(Steve and I had a lot of fun writing branching dialogue that let players inject some of their own personality into the protagonist. Most answers fell into three categories: nice, firm, and troll.)
It might surprise you to learn that the first chapter written was Chapter 6! This was because we wanted to show how we could incorporate higher stakes and emotional responses in the world. Chapter 6 contains some twists and turns, with significant changes occurring in the relationships between key characters. We shared this early Chapter 6 draft with 505 Games so they get a sense of the intentions and tone we wanted to set for the game. After getting feedback from 505 we moved forward with writing the rough drafts for our 15 chapters, and from there began the lengthy editing process.
What many fresh writers don’t know about writing for games is that you will likely edit them more than any other medium. This is because as the development on the game progresses, there can be curveballs and new challenges introduced to the writing process as well as many others. New limitations mean that a writer must be able to adapt on the fly, and still deliver a strong story under changing circumstances. It’s a process that can be both thrilling and frustrating, but is ultimately very satisfying.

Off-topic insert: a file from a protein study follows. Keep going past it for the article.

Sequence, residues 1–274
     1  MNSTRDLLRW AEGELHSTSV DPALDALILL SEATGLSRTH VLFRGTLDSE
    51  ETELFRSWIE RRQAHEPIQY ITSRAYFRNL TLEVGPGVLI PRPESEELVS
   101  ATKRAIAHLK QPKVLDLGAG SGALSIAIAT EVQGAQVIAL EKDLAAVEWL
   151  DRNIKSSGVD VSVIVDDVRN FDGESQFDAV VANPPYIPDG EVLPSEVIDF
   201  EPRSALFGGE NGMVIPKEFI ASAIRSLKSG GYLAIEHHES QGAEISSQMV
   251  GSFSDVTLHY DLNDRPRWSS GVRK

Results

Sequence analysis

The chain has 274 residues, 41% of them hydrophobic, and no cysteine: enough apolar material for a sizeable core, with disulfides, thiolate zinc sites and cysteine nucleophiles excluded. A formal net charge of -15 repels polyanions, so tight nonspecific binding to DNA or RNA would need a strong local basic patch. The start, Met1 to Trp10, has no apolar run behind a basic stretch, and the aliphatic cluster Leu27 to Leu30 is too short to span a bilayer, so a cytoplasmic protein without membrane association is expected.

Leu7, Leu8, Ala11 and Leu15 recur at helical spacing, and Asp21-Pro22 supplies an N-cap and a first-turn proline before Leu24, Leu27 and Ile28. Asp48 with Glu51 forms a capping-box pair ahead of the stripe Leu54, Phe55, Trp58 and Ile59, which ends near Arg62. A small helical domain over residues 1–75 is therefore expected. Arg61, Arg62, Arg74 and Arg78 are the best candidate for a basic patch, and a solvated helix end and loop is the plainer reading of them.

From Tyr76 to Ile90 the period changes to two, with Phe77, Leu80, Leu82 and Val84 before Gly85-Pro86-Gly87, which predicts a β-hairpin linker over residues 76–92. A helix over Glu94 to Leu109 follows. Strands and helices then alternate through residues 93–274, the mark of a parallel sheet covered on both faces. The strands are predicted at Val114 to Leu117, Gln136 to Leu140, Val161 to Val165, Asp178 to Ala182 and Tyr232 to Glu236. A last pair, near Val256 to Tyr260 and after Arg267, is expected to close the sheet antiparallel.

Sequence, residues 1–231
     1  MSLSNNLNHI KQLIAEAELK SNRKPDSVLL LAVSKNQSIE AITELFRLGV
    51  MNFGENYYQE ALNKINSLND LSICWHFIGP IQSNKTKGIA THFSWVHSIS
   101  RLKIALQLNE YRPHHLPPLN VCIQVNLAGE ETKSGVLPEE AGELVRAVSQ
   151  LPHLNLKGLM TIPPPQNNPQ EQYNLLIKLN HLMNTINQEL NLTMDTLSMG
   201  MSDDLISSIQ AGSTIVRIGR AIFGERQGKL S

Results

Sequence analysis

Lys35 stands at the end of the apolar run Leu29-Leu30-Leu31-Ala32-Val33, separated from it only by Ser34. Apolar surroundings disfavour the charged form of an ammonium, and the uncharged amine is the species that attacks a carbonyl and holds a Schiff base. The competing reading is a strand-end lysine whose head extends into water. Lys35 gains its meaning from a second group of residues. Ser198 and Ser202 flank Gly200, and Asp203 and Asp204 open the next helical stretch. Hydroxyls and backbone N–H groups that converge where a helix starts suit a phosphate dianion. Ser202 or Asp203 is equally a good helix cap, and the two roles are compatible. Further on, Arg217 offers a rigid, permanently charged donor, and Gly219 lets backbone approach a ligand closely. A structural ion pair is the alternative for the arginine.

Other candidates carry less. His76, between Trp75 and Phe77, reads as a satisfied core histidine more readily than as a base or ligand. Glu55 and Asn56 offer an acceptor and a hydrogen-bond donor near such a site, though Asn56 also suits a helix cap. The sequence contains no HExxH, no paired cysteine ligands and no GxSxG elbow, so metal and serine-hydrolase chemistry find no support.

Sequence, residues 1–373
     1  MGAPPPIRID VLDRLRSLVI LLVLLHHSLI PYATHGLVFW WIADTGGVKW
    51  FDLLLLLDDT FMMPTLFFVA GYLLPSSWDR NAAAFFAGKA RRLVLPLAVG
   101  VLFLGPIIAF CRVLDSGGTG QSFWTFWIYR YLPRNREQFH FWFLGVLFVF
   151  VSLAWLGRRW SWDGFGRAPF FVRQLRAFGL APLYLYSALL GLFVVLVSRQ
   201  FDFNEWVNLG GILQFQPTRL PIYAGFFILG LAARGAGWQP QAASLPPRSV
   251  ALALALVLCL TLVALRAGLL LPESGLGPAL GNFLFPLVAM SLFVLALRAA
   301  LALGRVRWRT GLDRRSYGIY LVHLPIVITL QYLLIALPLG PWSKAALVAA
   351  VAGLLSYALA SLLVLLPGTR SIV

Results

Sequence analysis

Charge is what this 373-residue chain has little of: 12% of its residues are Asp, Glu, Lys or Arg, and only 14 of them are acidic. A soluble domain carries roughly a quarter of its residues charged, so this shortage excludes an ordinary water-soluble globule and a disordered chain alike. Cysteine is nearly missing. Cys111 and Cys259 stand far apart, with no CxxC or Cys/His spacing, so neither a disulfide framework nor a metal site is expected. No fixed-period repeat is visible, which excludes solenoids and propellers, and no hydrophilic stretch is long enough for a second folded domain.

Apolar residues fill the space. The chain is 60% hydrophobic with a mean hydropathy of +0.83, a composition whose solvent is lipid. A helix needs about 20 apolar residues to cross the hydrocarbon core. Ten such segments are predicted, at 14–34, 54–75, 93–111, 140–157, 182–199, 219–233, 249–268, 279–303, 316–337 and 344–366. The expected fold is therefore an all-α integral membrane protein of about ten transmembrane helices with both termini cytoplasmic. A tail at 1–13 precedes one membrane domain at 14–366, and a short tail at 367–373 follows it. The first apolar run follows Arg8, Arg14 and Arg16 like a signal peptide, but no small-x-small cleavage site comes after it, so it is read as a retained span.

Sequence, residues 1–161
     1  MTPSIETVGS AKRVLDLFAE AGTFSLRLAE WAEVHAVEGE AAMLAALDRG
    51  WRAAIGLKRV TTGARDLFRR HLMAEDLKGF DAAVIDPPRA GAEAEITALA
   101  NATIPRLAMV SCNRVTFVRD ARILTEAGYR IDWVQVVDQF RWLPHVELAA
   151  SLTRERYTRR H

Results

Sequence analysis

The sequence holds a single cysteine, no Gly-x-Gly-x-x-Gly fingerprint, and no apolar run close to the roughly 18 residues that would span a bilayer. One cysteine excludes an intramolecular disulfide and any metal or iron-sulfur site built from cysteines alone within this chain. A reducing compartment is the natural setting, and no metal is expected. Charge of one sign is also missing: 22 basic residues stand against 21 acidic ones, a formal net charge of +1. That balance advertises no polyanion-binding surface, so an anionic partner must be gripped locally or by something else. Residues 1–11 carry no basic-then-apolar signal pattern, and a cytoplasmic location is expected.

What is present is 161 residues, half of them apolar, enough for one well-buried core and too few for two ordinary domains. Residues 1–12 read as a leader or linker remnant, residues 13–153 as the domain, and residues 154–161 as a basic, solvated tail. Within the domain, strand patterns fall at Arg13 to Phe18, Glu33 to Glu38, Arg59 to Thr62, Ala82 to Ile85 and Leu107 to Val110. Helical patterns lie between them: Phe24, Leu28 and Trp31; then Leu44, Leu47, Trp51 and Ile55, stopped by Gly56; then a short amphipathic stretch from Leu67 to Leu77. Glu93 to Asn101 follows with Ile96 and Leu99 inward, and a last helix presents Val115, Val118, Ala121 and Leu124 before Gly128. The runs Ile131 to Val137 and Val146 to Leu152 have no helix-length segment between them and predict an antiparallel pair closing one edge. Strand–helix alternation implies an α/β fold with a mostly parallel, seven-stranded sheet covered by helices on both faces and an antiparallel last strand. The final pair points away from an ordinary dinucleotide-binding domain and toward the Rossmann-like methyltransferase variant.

During the writing of Puzzle Quest 3 COVID hit. This meant we all transitioned to working from home, and hands on collaboration became a thing of distant memory. Over the next several months we wrote rough drafts for all 15 chapters, working collaboratively online as we couldn’t meet in person. There was many a late-night message sent asking a highly specific lore question that for whatever reason I needed to know straight away, of which Steve was always willing to answer.
(There are a lot of examples of me and Steve talking nonsense that I could share and somehow this is the LEAST incriminating one…)
As hard as it may have been, having the opportunity to collaborate on the writing for Puzzle Quest 3 over lockdown provided a welcome distraction. I often felt trapped by the walls of my home, and stifled by an inability to leave the house at will, but writing helped me escape all of that. I got to travel Etheria alongside our Heroes, and having that creative outlet helped me navigate a difficult time in all of our lives.
To finish, I hope that this has shed some light on a rarely spoken about part of game development. If you want to pursue writing in games I cannot recommend it enough, and would advise starting small and making some of your own short narratives games in a program like Twine to get a feel for the medium.
Best of luck!
Over time, our developers will be writing blogs that explore different parts of Puzzle Quest 3.